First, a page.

You already know how to do everything necessary to achieve this healthy, high-performance state. If you’re like most people, however, you need to apply these skills in a more timely, complete, and systematic way so you can get on top of it all instead of feeling buried. And though the method and the techniques I describe in this book are immensely practical and based on common sense, most people will have some major habits that must be modified before they can fully enjoy the benefits of this system. The small changes required—changes in the way you clarify and organize all the things that command your attention—could represent a significant alteration in how you approach some key aspects of your day-to-day activities. But the results are often reported as transformational.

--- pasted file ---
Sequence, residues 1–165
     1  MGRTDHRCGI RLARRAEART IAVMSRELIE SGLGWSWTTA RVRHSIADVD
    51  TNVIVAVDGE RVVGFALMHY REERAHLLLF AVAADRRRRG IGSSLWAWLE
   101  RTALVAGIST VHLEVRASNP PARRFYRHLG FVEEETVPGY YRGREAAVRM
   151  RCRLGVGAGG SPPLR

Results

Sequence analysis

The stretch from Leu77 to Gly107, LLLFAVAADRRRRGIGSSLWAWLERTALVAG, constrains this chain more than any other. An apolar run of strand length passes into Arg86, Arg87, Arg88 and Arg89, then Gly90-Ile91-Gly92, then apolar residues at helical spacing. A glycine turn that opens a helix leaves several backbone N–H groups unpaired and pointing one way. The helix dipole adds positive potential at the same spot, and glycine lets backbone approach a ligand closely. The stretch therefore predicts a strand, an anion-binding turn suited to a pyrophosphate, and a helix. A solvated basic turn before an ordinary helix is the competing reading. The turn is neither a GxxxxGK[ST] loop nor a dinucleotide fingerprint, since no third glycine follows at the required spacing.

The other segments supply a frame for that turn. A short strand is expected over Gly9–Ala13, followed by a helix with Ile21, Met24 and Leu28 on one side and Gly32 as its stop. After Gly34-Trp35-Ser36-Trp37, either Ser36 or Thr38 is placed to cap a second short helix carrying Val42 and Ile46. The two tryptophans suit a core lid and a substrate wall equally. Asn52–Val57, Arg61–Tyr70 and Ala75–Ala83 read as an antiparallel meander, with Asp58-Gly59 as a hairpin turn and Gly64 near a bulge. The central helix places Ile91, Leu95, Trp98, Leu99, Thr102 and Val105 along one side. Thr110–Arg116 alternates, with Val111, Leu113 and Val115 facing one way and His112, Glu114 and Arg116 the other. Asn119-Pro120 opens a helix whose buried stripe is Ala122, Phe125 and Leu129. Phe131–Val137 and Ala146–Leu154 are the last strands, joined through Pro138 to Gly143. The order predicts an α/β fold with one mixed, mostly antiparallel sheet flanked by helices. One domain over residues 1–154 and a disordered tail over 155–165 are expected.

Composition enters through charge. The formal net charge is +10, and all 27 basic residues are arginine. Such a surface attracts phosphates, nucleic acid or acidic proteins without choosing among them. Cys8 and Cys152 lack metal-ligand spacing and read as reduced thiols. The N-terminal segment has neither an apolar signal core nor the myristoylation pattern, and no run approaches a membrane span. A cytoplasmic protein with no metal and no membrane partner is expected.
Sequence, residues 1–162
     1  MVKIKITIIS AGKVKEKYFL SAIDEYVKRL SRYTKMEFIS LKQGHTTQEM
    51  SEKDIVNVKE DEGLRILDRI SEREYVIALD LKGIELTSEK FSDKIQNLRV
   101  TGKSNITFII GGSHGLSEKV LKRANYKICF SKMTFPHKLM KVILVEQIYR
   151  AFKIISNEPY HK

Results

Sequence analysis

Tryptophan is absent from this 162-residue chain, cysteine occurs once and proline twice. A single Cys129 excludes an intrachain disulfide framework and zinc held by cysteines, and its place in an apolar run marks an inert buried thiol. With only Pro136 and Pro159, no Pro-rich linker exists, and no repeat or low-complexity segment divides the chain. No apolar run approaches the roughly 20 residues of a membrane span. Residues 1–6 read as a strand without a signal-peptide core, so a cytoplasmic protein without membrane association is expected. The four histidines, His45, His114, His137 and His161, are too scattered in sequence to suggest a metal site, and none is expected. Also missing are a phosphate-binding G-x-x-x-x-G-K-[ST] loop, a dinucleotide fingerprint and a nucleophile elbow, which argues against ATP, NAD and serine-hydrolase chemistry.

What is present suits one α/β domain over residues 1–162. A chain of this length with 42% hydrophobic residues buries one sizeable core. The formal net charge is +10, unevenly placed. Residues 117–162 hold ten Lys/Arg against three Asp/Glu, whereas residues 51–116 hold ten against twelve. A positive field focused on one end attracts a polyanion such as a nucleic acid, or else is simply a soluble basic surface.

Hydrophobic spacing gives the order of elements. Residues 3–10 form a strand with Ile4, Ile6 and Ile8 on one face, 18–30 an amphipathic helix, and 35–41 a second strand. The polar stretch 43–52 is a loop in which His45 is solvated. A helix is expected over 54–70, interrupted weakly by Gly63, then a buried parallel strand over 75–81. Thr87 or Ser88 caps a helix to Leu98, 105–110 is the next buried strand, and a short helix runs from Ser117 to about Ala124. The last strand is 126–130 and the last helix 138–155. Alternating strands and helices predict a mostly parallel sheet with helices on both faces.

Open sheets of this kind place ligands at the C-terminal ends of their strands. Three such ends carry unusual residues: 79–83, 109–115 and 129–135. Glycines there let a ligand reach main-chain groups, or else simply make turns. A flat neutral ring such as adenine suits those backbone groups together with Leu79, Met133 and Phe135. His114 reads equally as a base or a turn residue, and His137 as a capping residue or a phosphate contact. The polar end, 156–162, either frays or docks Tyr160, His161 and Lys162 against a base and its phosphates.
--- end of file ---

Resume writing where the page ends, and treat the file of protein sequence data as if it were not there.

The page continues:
The methods I present here are all based on three key objectives: (1) capturing all the things that might need to get done or have usefulness for you—now, later, someday, big, little, or in between—in a logical and trusted system outside your head and off your mind; (2) directing yourself to make front-end decisions about all of the “inputs” you let into your life so that you will always have a workable inventory of “next actions” that you can implement or renegotiate in the moment; and (3) curating and coordinating all of that content, utilizing the recognition of the multiple levels of commitments with yourself and others you will have at play, at any point in time.